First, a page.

The world was shocked recently with news that selfie taking tourists had killed a baby dolphin when they plucked it from the water and passed it around.
That didn’t stop another group of tourists from killing a peacock at a Chinese zoo when they swarmed the animals and plucked feathers from their bodies to keep as a memento.
Zookeepers say the tourist’s aggressive manhandling of the peacocks most likely caused the animals to die from stress and fear.
Authorities don’t keep track of the number of animals killed by selfie taking tourists, but animal rights groups have begun to speak out against the practice as insensitive and harmful to wild animals, an Australian animal activist told ABC News.
Wild animals are not toys or photo props. They should be appreciated, and left alone, in the wild where they belong.
Travelers are now more likely to die from taking selfies than from shark attacks, but the number of animals being killed by selfish tourists looking for the perfect photo is also on the rise.
Days after a crowd of sightseers killed a dolphin when they dragged it from the ocean for a selfie, another tourist plucked a shark from the water and pinned it down so he could pose for a photo.
After pinning the struggling shark to the ground by its tail and head, he held it there until a throng of sightseers was done taking photos; when he was done, he left the animal lying on the beach and walked away.
Another beachgoer attempted to release the shark back into the ocean, but it’s not clear whether the animal survived.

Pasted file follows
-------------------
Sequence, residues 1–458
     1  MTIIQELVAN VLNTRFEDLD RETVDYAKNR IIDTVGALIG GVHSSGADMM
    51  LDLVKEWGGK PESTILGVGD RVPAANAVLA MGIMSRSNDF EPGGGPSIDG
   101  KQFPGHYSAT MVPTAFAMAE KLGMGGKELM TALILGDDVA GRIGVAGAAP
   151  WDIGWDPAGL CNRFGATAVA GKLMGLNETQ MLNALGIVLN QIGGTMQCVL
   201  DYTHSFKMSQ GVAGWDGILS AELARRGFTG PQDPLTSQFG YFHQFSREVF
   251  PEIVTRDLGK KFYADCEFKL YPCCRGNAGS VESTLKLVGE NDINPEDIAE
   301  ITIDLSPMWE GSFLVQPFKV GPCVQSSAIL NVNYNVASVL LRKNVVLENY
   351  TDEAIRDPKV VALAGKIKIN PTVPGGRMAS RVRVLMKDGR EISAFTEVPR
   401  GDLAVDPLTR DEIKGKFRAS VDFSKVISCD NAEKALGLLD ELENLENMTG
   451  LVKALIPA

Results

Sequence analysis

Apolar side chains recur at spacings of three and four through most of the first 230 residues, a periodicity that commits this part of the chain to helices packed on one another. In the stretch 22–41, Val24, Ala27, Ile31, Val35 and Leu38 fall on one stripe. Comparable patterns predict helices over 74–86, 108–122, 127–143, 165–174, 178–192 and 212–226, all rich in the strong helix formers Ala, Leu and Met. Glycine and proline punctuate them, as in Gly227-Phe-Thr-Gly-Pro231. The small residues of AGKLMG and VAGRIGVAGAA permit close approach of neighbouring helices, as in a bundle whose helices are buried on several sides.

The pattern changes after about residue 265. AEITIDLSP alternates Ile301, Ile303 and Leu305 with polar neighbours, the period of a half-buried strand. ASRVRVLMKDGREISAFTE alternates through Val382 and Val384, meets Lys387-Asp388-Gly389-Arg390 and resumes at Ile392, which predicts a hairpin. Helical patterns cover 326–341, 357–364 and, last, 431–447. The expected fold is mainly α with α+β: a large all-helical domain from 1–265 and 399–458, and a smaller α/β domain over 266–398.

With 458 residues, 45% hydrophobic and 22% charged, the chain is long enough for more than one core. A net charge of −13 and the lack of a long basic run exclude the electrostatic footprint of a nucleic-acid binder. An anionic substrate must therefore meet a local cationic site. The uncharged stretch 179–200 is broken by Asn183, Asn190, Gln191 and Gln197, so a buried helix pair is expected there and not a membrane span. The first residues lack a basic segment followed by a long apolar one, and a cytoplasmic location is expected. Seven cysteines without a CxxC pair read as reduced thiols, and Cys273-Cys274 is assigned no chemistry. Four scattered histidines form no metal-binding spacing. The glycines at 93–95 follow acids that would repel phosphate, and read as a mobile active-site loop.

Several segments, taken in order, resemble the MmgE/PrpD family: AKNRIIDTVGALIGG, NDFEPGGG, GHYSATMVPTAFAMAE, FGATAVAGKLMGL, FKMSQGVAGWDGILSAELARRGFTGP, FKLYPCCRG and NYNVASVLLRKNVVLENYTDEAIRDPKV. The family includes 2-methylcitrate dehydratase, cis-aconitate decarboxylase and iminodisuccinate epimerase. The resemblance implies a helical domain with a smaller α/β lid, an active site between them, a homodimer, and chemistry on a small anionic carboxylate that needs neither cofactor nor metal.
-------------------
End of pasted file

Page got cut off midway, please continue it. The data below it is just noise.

Last year, woman dubbed “veterinarian of the year” killed a cat with an arrow and posted the picture to her social media with the caption “the only good feral cat is one with an arrow through its head.”
The cat was later discovered to be an elderly couple’s missing domestic cat named Tiger. The Colorado State graduate was fired from her position with the Washington Animal Clinic.
In 2015 the World Animal Protection launched a campaign to warn tourists away from participating in the animal entertainment industry, especially in Africa where sightseers fascination with lions helped promote a cruel industry.
Baby lion cubs as young as one week are separated from their mothers so tourists can take selfies with them; when the cubs are older they participate in “walking tours,” and the lions are later sold to canned hunting facilities.
In Thailand, tourist’s fascination with the fuzzy and cute looking but endangered slow loris has led to its virtual extinction because of the illegal pet trade, according to RT USA.
People are encouraged to think they’re cute and good for a photo but these are nocturnal animals from the jungle being dragged around neon-lit resorts, with their teeth and claws clipped, having cameras flashed in their eyes.
In response to the shocking behavior of selfish selfie taking tourists, PETA has begun a campaign to stop sightseers from harming wild animals with their desire for the perfect photo.
Remember: Animals are not our selfie props. If there’s any risk that your photo is going to hurt or stress an animal, it’s not worth it.
There’s also a Care2 petition asking Facebook to ban big game trophy hunters from posting their kills to social media.
What do you think? When is it OK for tourists to take selfies’ with wild animals?
(Photo by Graham Denholm/Getty Images)